The Romanian government has enacted new rules regarding insolvency procedure through an emergency ordinance, aiming to limit the capacity of companies to avoid paying taxes, but experts say many sources of insolvency are government-related.
According to the new rules, the creditors, including the government, could begin enforcement for non-payed debts exceeding 60 days accumulated during the insolvency.
The government did never hide its real purpose: to bring more money to the state budget. “It is an emergency. Such a change could bring more money to the budget this year,” the Finance minister Eugen Teodorovici recently said.
Romania has a poor entrepreneurship culture, with only around 600,000 enterprises on the market and a low survival rate among businesses.
But experts warn that the government is among the main sources of insolvencies in Romania.
“The main factors causing the deterioration of the companies’ payment behavior (…) are the decrease of the level of confidence of the entrepreneurs, on the other hand, increased expenses, especially those related to wages, utilities and fuel, increased in the expenses related to interests and bank credit reimbursement, fiscal unpredictability regarding new tax regulations,” says Iancu Guda, president of the Romanian Financial Analysts Association.
“To all this are added the underground economy in Romania, estimated by the European Commission at almost 28 percent of GDP, the highest level in the EU after Bulgaria, allowing unfair competition and difficulty in being competitive, the difficulty in finding workforce at a salary reflecting the actual productivity”, he added.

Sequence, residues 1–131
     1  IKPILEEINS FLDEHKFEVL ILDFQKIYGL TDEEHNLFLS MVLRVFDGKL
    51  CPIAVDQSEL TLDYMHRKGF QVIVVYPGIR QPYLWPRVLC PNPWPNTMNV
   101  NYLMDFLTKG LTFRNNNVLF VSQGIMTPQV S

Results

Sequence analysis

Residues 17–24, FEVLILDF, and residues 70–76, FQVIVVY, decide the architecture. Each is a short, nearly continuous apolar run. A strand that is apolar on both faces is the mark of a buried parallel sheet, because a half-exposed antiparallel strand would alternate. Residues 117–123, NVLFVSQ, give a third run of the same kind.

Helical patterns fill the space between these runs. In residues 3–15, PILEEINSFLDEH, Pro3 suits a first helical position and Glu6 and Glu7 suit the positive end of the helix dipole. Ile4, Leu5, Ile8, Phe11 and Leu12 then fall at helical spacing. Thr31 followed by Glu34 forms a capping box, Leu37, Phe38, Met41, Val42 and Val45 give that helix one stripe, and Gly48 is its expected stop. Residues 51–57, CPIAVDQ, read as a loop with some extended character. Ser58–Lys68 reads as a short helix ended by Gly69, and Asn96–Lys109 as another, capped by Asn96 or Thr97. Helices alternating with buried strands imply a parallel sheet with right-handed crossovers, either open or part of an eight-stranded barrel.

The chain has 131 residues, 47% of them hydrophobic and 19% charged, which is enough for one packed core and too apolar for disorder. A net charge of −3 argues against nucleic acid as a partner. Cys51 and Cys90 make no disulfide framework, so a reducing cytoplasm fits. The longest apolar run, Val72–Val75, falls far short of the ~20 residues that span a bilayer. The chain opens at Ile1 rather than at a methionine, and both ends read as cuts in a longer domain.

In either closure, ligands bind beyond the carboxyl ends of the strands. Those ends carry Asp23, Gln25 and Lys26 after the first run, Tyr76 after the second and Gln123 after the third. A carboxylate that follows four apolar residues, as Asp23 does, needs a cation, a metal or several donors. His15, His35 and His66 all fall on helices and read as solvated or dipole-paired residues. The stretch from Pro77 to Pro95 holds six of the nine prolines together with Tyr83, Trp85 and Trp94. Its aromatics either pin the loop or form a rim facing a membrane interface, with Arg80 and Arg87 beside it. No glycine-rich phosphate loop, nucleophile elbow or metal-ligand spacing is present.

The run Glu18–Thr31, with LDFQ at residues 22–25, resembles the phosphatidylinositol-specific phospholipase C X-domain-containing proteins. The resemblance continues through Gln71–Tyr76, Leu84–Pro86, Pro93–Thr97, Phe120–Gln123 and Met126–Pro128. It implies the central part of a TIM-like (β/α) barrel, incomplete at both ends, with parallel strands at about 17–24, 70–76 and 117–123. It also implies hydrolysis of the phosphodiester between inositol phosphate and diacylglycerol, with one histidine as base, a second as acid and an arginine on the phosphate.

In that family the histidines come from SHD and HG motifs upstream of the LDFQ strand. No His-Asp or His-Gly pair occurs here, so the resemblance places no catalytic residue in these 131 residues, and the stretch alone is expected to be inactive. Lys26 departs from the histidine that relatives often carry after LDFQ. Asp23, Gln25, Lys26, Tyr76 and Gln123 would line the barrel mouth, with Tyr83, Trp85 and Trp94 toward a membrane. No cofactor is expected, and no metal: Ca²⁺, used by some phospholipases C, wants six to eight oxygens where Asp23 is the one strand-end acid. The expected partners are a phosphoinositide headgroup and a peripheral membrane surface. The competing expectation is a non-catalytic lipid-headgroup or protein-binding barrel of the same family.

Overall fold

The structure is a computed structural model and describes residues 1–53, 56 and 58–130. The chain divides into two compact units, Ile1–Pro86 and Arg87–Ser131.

But the government also hits companies in Romania through rising borrowing costs. Currently, Romania’s government, companies and citizens pay by far the highest interest rates among the 28 European Union member states, and the interest payment burden is worsening every month, according to official data.
Rising borrowing costs could hit Romanian companies even harder due to structural problems.
According to a recent analysis by Iancu Guda, in a moderate scenario, one in three companies in Romania faces the risk of becoming insolvent due to rising borrowing costs.
The main reason is the low level of operating profit, coupled with the aggressive policy of paying dividends.
“In the context of rising financing costs, some companies will find themselves in a very difficult situation, as operating profit will become insufficient to cover interest on loans,” Guda cautioned.
The situation worsened in 2018 due to higher inflation, which hit a five-year high of 5.4 percent in May and June, and wage pressure, translating into higher expenses for firms.